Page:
Message from the Acting CEO
Together, we continue to face great challenges this year with the daunting task of recovery and clean-up from devastating floods in March ahead of us and other incidents like the major fire at the Wickham Wool Store in Newcastle
Acting CEO Jacqueleine Moore
We approach these incidents and events with the same dedication to protecting the community and our environment that we always have, since the EPA was created. This year, the EPA marks its 30th year of caring for and protecting the environment. Our work responding to environmental challenges and working with you to address the issues that come up has always been a central part of our role.
I started my journey with the EPA two decades ago and after other roles in legal, corporate and government organisations, I was energised to return to the EPA in 2019. I knew that I was coming back to a place filled with capable and dedicated staff, experts in their fields.
Our modern EPA now has stronger powers, tighter regulations, and a prosecution record unmatched by any other EPA across Australia. Today we regulate around 40,000 licenses from pesticide application to radiation, processing of materials, waste, sewage management, power stations and the mining industry. We work to ensure that risks to the community and environment are prevented or minimised.
Through our programs, grants and behaviour change initiatives we have worked with industry and government and enabled our community to become dedicated recyclers, to clean up their environments and to find new uses for our waste and resources. We want to enable their growing passion for creating a more circular economy. The 7 billion containers that have made their way back into re-use through Return and Earn is an incredible marker of this success. We are making sure contaminated sites are getting cleaned up and valuable land can be put back into productive use.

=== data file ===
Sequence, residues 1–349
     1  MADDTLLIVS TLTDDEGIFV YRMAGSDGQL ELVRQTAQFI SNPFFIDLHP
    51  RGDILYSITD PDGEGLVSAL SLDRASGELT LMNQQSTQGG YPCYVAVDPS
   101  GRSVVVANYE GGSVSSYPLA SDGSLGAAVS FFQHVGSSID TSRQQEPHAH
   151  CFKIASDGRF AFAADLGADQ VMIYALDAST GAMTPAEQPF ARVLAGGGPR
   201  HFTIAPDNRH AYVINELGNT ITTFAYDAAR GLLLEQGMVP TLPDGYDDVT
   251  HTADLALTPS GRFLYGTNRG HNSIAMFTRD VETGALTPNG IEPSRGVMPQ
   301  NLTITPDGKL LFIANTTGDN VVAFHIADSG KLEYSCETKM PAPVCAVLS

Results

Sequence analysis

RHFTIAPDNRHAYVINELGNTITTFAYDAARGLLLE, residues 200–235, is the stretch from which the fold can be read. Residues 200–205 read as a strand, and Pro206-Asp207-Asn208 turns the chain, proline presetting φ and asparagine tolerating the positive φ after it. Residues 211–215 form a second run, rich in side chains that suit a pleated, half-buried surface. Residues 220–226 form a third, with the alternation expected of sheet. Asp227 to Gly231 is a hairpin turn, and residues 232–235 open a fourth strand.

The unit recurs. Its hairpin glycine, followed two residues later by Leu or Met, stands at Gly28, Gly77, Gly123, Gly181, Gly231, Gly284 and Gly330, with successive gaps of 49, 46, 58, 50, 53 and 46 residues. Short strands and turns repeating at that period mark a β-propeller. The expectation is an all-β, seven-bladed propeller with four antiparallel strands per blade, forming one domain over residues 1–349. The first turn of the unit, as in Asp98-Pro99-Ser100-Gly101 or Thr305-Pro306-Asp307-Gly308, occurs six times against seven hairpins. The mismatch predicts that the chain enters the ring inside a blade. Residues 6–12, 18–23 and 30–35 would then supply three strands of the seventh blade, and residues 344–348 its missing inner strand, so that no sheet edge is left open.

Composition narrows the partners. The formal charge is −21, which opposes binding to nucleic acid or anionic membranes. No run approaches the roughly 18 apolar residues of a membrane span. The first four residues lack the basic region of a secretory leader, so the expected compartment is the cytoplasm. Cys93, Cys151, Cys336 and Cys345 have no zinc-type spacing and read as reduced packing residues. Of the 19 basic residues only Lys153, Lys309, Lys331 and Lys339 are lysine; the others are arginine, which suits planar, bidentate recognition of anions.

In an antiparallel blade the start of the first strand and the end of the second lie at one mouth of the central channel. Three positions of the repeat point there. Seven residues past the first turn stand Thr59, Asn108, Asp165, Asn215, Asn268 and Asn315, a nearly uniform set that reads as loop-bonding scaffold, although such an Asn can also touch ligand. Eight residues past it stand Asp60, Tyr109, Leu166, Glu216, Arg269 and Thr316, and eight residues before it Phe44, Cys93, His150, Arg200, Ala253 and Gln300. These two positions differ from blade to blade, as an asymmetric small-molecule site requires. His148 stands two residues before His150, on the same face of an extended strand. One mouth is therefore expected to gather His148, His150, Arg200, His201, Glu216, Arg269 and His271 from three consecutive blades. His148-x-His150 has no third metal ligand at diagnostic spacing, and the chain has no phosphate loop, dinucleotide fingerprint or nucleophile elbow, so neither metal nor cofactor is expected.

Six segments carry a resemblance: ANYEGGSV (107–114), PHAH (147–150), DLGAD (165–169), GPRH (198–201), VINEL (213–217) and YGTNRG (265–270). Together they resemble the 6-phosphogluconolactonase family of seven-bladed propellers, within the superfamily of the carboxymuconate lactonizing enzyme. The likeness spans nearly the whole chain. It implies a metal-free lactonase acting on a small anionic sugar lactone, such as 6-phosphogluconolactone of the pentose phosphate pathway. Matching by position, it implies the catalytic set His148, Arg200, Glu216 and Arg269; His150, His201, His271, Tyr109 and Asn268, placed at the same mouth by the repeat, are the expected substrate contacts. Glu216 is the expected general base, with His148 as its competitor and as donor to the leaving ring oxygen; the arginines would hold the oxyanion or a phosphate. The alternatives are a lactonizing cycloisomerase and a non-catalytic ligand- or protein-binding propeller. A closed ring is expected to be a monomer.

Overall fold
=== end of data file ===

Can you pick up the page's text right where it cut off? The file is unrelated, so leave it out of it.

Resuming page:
I am also proud of how we have changed the way we now work and engaged more directly with communities when there are pollution incidents or other issues that affect them. This can often involve visiting peoples’ homes and backyards and speaking to them personally. Our staff are right now working in flood recovery centres in northern NSW, talking to community about clean up and helping them to get back on their feet, we are working to keep community informed about asbestos clean-up in Newcastle and legacy lead in Lake Macquarie.
Other changes you will see from us include our formal commitment to acknowledge and work with Aboriginal peoples as the enduring Custodians of the land, sea, waters and sky of NSW. The building of this year’s State of the Environment report incorporated information and advice from an Aboriginal Knowledge Working Group to guide our work.
And, we are looking at new ways to engage with youth – to capture the ideas, engage with the issues and listen to the interests of our young people – our environmental leaders of the future.
Lastly, between rain spells in Sydney in March, Minister Griffin joined me and our Chair Rayne de Gruchy and some of our new graduates in planting a Tallowood eucalypt in Centennial Park, to commemorate our 30 years of protecting the environment. We will very much enjoy watching our tree grow, as the EPA continues to grow, over the next years and beyond.